The White House gets open source | Opensource.com
The White House gets open source
I love this video from Dave Cole (Senior Advisor to the CIO, Executive Office of the President) and Macon Phillips (White House Director of New Media). You hear the feds talk a lot about openness and transparency, but not often specifically about open source. But here, you can see that the White House really gets it.
The video is from last week's Government Open Source Conference (GOSCON), where Open Source for America gave out awards for contributions to open source in and by the US federal government. Individual winners were Brian Behlendorf, collaboration advisor to the Department of Health and Human Services on its NHIN CONNECT project and Ean Schuessler, co-founder of Brainfood, Inc. and webmaster for OSFA. The Open Source Digital Voting Foundation (OSDV) also won for its TrustTheVote project.
But, of course, the migration of whitehouse.gov to an open source platform (Drupal) was one of the biggest open source stories in the federal government over the past year, so it's probably not a surprise that it won the award for Outstanding Government Deployment.
The video acceptance of the award, however, demonstrates that the White House's commitment to open source doesn't stop at simply using open technologies. Here you can see that Cole & Phillips really do believe that open source can fundamentally change the way the US government serves the public, and that they understand the bilateral collaboration that has to happen in order for open source projects to be successful.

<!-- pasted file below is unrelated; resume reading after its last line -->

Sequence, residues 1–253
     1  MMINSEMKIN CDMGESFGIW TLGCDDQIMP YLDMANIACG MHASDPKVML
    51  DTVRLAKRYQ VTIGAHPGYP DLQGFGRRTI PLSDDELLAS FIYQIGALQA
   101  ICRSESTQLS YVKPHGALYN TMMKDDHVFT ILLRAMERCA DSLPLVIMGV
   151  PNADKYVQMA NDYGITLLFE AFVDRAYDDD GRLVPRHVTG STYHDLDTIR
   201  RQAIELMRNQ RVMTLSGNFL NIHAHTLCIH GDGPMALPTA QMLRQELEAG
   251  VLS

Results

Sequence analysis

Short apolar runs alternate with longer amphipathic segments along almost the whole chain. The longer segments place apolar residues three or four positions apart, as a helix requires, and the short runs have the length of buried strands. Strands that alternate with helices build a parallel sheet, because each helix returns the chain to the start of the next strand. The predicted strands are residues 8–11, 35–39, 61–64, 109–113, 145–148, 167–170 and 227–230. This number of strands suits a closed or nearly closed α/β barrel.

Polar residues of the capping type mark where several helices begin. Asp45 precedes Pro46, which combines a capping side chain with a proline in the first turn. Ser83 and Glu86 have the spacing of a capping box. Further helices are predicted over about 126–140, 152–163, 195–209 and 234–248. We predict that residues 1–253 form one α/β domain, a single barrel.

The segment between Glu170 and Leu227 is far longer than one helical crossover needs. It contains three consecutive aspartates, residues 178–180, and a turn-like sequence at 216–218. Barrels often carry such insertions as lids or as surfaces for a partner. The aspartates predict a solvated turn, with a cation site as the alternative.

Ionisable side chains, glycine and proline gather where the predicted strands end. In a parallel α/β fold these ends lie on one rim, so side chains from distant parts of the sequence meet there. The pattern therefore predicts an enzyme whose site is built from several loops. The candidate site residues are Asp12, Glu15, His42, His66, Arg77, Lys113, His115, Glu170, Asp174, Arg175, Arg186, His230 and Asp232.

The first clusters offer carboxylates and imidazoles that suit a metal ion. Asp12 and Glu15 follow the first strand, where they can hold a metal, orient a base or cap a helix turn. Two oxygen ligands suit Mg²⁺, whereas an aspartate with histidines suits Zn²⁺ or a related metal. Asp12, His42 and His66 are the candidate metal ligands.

Previous sound bites from the Administration have focused on open source as state of the art technology that increases government's ability to engage citizen participation. That's great in and of itself, but over the past few months, the White House has shown that they're not just consumers - they are contributors and collaborators. From the release of additional code to Drupal to their support of Civic Commons, these guys understand that open source is about a community coming together to solve common problems in an open and transparent way.
And if you still have any doubt, just listen to Cole's parting words, "We want to be involved in the projects you're working on, and have you involved in the projects that we have. We want to help grow the pipeline of developers and strategists and make this a more vibrant place to do work. We believe in the benefits of open source and we think there's a partnership there."
Cole and Phillips close by thanking the open source community for the work that it does. However, it is we, the open source community, who should be thanking them.
You can go to whitehouse.gov/tech to give your feedback.